Duane Duggan, Realtor and Author RE/MAX of Boulder

Even in good markets, unexpected events or circumstances happen. People lose jobs, suffer health issues, and for a variety of reasons, are unable to make their mortgage payments. The coronavirus crisis has created a level of job loss never before seen in history. When a homeowner gets behind in their payments, they usually don’t know what to do so they do nothing. In fact, in the last recession, over 70% of homeowners who fell behind in payments did just that. They did absolutely nothing and ended up walking away from their homes. If we learned anything in the last recession, it is this: if you can’t make your mortgage payment, communicate with your mortgage lender immediately. In reality, there are several options you may have, and foreclosure is the very last one on the list.

Credit and homeownership can often be saved if the homeowner takes quick action. At the first sign of not being able to make the monthly mortgage payment, the homeowner should promptly contact a real estate attorney, a Realtor®, and their mortgage lender to review these options summarized below:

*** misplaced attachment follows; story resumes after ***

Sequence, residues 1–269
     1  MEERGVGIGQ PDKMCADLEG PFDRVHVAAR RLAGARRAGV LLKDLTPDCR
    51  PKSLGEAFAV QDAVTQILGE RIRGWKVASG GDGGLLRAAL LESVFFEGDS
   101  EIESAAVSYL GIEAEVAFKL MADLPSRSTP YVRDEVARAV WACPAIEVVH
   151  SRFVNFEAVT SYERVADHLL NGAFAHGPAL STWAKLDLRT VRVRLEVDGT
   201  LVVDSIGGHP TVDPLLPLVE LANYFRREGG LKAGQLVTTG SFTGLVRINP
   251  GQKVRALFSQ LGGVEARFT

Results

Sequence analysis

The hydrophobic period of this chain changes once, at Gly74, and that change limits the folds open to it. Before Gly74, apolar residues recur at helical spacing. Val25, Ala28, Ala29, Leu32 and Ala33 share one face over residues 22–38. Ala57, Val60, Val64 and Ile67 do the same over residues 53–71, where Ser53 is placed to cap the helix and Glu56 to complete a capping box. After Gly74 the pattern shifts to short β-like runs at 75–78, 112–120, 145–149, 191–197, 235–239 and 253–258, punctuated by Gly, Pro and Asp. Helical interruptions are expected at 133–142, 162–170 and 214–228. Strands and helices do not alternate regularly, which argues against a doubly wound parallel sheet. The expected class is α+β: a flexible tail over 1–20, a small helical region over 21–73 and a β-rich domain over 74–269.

1) Repayment plan (also known as Forbearance) and covered in last week’s article
2) Sell the Property
3) Rent the Property
4) Refinance
5) Modification of the Mortgage
6) Short Refinance
7) Reverse Mortgage
8) Deed in Lieu of Foreclosure
9) Bankruptcy
10) FHA and VA options
11) Service members Civil Relief Act (SCRA)
12) Short Sale
13) Foreclosure

Often the reason the homeowner is behind on payments is only temporary. If this is the case, the homeowner must pay all the missed payments, late fees, and attorney fees in a lump sum payment. After the homeowner is caught up, the loan continues as it was before.

Repayment Plan or Forbearance